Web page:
The new law "no longer obliges wives to obey their husbands, angering Muslim groups." It is Qur'an 4:34 which insists on obedience so much as to endorse violence as a means of attempting to ensure it. To grant women more rights than that would be to imply that Muhammad as well as Allah himself were mistaken, or that their decrees are less relevant now than 1400 years ago.
An imam in Mali is living in fear after backing a new family law which no longer obliges wives to obey their husbands, angering Muslim groups.
He has received threatening phone calls and local Muslim leaders have tried to dismiss him.
The new law is currently being given a second reading in parliament after Mali's president refused to sign it because of the Muslim protests.
More than 90% of Mali's population is Muslim.
In April, the imam of Kati, 15km (9 miles) north-west of the capital, Bamako, wrote a letter to Mali's High Islamic Council stating he saw nothing in the new family law which infringed the country's social values, much less Islam, the BBC's Martin Vogl in Mali says.
The High Islamic Council has said imams can only be dismissed by their congregation and it is unclear what weight the decision by local Muslim leaders to sack the imam will have, our reporter explains.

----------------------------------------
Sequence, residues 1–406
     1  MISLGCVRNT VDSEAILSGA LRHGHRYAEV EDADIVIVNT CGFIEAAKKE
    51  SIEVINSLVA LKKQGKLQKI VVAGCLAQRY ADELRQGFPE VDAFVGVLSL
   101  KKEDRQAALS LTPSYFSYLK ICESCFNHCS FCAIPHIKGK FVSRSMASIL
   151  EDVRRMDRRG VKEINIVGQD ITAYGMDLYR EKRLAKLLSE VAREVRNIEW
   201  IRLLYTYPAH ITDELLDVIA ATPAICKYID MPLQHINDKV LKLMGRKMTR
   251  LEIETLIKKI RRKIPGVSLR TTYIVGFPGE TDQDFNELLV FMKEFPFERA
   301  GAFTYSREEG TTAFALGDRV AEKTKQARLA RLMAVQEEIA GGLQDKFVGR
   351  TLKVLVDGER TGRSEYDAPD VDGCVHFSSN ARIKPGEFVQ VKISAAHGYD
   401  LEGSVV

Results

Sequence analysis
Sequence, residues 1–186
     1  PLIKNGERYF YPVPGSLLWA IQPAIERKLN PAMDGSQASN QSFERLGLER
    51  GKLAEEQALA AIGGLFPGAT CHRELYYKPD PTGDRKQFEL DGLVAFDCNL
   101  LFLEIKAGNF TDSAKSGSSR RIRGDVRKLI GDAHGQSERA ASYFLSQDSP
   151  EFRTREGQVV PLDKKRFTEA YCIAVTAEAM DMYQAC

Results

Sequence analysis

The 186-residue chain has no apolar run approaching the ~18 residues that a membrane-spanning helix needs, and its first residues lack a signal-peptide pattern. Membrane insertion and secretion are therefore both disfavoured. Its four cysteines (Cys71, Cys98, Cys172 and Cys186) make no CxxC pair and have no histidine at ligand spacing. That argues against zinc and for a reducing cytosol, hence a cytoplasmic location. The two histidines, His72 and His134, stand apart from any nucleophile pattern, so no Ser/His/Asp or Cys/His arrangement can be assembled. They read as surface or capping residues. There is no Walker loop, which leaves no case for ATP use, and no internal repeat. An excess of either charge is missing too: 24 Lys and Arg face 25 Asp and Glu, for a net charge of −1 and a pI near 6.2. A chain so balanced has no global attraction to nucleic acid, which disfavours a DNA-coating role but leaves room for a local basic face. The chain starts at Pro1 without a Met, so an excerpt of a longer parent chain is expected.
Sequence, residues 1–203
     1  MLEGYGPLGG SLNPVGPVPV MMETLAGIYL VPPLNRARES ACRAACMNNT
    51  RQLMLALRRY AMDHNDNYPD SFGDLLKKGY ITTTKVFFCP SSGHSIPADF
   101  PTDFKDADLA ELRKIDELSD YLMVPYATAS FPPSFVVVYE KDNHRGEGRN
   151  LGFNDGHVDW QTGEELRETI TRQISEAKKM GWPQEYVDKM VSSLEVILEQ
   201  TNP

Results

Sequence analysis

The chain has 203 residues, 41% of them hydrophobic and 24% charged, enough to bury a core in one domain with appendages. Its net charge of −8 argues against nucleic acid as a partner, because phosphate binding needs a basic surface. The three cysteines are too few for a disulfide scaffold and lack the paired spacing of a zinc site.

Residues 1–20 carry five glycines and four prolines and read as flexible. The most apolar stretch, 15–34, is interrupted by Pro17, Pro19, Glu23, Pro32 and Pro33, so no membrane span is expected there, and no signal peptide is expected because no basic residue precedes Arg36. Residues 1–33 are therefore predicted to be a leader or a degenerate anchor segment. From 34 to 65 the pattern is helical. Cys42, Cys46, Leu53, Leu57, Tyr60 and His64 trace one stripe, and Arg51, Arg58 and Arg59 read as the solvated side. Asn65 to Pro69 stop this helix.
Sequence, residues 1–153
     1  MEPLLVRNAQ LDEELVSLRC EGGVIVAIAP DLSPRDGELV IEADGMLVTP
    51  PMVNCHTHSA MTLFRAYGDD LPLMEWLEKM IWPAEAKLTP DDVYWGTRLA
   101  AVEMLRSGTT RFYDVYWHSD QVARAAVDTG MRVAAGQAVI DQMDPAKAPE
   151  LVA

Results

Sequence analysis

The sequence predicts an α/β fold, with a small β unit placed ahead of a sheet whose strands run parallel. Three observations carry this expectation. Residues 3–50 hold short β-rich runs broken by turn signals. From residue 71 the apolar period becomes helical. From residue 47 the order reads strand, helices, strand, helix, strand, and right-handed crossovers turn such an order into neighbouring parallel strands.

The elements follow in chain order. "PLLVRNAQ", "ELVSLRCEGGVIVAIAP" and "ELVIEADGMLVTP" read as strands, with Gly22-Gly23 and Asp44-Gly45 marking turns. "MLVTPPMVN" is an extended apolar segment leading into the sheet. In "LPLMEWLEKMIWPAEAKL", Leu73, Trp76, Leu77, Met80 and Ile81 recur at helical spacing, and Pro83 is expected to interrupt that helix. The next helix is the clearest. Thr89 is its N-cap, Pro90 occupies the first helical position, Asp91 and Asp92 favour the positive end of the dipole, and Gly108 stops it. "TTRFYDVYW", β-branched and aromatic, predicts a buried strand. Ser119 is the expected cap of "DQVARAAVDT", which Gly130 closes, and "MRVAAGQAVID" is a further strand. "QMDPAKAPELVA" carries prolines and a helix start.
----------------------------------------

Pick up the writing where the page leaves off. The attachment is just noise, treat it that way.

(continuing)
But the incident has highlighted the intense feelings among Muslims towards the new family law.
Its most contentious provisions give more rights to women.
For example, under the law husbands and wives owe each other loyalty and protection rather than obedience, women get greater inheritance rights and the minimum age for girls to marry in most circumstances is raised to 18.
All of those provisions run afoul of Sharia, hence the ferocity of the opposition.
When the law was introduced in August 2009, the parliament building was attacked and it was difficult to find anyone to defend the law in public, our reporter says.
Mali's President Amadou Toumani Toure said he was sending the law back to parliament for the sake of national unity.